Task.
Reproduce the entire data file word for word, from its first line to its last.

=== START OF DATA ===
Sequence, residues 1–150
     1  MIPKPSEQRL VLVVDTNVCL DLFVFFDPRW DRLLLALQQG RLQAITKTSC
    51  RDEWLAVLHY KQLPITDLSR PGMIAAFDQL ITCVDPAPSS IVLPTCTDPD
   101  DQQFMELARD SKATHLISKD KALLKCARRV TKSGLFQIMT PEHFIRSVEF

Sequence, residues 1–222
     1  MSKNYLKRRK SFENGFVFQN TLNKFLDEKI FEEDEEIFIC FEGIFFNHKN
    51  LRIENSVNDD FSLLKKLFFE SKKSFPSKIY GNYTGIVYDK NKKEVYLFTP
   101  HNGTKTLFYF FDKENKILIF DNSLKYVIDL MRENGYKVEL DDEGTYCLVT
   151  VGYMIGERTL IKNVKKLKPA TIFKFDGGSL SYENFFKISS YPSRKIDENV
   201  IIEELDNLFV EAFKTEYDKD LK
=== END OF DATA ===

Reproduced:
Sequence, residues 1–150
     1  MIPKPSEQRL VLVVDTNVCL DLFVFFDPRW DRLLLALQQG RLQAITKTSC
    51  RDEWLAVLHY KQLPITDLSR PGMIAAFDQL ITCVDPAPSS IVLPTCTDPD
   101  DQQFMELARD SKATHLISKD KALLKCARRV TKSGLFQIMT PEHFIRSVEF

Sequence, residues 1–222
     1  MSKNYLKRRK SFENGFVFQN TLNKFLDEKI FEEDEEIFIC FEGIFFNHKN
    51  LRIENSVNDD FSLLKKLFFE SKKSFPSKIY GNYTGIVYDK NKKEVYLFTP
   101  HNGTKTLFYF FDKENKILIF DNSLKYVIDL MRENGYKVEL DDEGTYCLVT
   151  VGYMIGERTL IKNVKKLKPA TIFKFDGGSL SYENFFKISS YPSRKIDENV
   201  IIEELDNLFV EAFKTEYDKD LK